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- Lair of the White Worm - 10/29 -


either praise or disparagement, but in the centre of the Grove, where, hidden amongst ancient oak stumps, was a block of granite slightly hollowed on the top, he bent low and placed his forehead on the ground. This was the only place where he showed distinct reverence. At the Castle, though he spoke of much death, he showed no sign of respect.

There was evidently something about Diana's Grove which both interested and baffled him. Before leaving, he moved all over the place unsatisfied, and in one spot, close to the edge of the Brow, where there was a deep hollow, he appeared to be afraid. After returning several times to this place, he suddenly turned and ran in a panic of fear to the higher ground, crossing as he did so the outcropping rock. Then he seemed to breathe more freely, and recovered some of his jaunty impudence.

All this seemed to satisfy Adam's expectations. He went back to Lesser Hill with a serene and settled calm upon him. Sir Nathaniel followed him into his study.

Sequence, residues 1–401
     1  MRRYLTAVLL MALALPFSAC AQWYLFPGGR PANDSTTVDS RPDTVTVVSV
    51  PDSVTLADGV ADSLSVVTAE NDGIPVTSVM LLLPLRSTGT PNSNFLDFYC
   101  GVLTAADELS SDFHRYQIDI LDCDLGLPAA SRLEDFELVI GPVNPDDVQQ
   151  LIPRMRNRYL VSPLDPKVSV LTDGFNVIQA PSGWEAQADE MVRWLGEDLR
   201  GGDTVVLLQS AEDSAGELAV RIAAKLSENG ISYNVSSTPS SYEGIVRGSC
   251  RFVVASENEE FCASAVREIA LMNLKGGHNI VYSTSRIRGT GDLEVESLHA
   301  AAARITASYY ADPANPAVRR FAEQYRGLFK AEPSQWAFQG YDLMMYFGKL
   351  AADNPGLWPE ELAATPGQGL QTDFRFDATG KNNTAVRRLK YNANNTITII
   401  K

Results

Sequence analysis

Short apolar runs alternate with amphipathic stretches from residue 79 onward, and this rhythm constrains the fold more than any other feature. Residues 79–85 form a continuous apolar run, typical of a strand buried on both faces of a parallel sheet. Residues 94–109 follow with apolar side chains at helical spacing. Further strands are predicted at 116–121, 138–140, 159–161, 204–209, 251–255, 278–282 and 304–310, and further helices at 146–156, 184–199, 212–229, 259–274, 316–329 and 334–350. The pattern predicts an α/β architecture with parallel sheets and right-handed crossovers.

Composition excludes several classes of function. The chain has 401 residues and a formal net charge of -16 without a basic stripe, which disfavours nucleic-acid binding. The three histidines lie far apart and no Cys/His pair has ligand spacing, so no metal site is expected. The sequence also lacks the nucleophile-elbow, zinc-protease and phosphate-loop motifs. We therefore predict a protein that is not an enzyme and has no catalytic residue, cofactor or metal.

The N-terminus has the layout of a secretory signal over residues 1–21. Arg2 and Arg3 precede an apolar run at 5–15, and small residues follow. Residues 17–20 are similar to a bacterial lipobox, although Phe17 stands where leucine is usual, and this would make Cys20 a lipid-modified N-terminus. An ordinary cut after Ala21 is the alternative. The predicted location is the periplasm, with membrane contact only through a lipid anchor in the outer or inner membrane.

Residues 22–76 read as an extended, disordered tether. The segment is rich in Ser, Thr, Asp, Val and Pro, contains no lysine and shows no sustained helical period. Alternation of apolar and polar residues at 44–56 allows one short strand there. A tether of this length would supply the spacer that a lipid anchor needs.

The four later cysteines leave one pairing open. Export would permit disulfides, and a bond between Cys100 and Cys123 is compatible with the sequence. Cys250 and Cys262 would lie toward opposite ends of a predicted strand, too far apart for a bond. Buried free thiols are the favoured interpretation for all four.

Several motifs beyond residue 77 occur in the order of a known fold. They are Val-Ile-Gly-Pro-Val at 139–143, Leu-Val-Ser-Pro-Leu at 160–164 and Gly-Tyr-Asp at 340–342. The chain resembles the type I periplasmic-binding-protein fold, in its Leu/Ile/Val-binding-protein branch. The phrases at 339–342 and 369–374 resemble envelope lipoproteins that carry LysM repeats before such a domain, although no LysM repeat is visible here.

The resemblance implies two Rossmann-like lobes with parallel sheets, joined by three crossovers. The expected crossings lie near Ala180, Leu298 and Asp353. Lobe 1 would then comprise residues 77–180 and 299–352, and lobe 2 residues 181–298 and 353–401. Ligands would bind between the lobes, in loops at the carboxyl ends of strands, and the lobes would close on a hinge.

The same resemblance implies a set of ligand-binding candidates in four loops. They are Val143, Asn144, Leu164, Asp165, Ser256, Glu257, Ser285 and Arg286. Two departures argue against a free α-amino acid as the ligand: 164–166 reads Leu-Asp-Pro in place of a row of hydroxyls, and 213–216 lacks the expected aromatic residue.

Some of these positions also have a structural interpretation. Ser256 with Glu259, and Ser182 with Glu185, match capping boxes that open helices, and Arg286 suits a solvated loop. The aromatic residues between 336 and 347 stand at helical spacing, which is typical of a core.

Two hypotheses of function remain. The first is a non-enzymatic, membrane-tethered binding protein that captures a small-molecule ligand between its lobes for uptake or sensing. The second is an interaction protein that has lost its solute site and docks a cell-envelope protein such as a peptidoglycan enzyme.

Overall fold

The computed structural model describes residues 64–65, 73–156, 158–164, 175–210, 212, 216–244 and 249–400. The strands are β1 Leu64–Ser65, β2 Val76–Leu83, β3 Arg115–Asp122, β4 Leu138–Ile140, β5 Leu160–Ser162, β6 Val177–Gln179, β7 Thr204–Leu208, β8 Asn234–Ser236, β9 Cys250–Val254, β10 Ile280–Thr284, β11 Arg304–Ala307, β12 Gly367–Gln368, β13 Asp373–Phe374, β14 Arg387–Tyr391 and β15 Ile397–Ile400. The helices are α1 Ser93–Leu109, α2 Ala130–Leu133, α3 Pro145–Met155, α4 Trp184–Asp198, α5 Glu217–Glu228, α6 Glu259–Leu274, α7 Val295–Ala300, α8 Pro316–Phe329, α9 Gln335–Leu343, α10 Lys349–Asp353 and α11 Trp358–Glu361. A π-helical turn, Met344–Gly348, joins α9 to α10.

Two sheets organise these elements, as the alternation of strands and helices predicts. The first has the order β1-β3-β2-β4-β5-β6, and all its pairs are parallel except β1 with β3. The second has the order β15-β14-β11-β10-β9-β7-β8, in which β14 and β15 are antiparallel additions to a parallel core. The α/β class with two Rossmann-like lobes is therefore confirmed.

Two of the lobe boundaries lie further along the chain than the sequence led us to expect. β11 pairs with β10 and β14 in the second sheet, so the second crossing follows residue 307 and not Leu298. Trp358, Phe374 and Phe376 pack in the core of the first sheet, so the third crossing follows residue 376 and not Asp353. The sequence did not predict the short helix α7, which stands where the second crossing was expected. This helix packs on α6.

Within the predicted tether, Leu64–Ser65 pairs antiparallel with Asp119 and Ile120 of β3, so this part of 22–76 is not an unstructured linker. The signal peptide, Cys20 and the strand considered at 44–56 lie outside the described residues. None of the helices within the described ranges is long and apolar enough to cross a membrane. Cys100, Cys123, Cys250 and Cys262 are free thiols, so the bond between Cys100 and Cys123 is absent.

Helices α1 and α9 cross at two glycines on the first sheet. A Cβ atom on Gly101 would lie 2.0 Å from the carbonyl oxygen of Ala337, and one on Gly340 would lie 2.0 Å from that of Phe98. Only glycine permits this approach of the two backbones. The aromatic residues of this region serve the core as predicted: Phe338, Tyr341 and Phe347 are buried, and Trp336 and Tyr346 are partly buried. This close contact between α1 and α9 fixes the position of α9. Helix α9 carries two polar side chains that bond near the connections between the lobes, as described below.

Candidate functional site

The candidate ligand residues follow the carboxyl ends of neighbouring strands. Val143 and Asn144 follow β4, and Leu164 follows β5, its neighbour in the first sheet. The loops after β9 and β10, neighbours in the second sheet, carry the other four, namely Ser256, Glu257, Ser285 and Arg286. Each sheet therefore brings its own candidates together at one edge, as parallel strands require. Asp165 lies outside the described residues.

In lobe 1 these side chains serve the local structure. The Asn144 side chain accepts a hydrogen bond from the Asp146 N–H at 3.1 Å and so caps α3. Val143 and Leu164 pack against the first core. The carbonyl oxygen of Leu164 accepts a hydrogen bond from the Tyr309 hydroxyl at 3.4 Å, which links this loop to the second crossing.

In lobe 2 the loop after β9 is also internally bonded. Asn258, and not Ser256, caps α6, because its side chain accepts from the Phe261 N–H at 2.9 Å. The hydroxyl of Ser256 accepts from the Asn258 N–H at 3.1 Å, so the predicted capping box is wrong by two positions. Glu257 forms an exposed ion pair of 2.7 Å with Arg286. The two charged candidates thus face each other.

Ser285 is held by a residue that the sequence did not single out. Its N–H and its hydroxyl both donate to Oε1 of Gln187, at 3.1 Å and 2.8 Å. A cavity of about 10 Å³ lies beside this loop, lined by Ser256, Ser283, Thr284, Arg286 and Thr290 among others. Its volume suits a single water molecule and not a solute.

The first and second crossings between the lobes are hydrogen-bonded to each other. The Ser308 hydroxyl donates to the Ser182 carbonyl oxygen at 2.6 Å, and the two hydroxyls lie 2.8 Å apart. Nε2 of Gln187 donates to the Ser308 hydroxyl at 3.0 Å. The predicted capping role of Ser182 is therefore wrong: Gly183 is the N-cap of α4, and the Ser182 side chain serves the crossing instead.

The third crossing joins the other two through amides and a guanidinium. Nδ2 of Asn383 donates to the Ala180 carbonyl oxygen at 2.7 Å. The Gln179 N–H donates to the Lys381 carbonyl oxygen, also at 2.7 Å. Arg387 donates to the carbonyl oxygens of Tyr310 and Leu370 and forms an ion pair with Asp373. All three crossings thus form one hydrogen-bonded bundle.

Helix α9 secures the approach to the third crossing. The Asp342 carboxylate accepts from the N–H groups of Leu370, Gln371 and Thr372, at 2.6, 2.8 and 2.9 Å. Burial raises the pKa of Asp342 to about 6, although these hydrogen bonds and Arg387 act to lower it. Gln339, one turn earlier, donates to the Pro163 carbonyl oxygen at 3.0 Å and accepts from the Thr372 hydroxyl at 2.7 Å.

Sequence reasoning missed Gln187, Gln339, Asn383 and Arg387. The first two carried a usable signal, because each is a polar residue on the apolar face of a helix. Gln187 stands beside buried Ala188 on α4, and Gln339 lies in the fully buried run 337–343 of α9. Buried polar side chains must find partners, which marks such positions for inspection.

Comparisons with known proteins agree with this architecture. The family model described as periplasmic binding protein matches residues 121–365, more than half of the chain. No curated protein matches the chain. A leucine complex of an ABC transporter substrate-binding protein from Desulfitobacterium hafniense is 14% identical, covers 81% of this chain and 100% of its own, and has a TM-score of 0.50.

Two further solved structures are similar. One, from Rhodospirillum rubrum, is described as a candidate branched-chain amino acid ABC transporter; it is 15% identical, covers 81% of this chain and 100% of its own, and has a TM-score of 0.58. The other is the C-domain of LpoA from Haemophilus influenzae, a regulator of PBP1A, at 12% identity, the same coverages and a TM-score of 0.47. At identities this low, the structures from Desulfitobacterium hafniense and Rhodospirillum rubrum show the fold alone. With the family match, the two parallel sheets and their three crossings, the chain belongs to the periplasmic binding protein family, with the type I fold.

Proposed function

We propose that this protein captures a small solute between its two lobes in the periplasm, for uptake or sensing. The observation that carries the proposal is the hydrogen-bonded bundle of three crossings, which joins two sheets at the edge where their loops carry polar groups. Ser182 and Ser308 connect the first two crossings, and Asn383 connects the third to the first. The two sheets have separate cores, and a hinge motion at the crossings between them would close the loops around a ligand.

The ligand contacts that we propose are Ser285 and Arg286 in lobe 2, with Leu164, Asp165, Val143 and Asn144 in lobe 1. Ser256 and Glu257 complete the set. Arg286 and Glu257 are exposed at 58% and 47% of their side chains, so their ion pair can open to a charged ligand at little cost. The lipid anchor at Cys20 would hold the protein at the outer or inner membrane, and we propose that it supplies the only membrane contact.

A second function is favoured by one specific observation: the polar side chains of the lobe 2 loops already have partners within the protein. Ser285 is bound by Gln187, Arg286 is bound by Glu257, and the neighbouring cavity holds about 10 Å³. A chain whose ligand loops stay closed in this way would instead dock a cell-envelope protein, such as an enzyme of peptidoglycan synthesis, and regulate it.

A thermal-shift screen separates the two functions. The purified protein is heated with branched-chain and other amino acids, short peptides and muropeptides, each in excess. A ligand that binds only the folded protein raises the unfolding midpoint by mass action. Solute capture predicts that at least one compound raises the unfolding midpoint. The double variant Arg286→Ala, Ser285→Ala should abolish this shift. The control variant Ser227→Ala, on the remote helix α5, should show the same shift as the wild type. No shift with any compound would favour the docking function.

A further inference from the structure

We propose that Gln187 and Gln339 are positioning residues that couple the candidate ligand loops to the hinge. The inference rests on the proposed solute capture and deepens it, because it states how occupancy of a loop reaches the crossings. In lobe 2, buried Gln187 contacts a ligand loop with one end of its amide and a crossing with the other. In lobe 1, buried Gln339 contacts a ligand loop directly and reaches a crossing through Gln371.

"By the way, I forgot to ask you details about one thing. When that extraordinary staring episode of Mr. Caswall went on, how did Lilla take it--how did she bear herself?"

"She looked frightened, and trembled just as I have seen a pigeon with a hawk, or a bird with a serpent."

"Thanks. It is just as I expected. There have been circumstances in the Caswall family which lead one to believe that they have had from the earliest times some extraordinary mesmeric or hypnotic faculty. Indeed, a skilled eye could read so much in their physiognomy. That shot of yours, whether by instinct or intention, of the hawk and the pigeon was peculiarly apposite. I think we may settle on that as a fixed trait to be accepted throughout our investigation."

When dusk had fallen, Adam took the new mongoose--not the one from Nepaul--and, carrying the box slung over his shoulder, strolled towards Diana's Grove. Close to the gateway he met Lady Arabella, clad as usual in tightly fitting white, which showed off her slim figure.

To his intense astonishment the mongoose allowed her to pet him, take him up in her arms and fondle him. As she was going in his direction, they walked on together.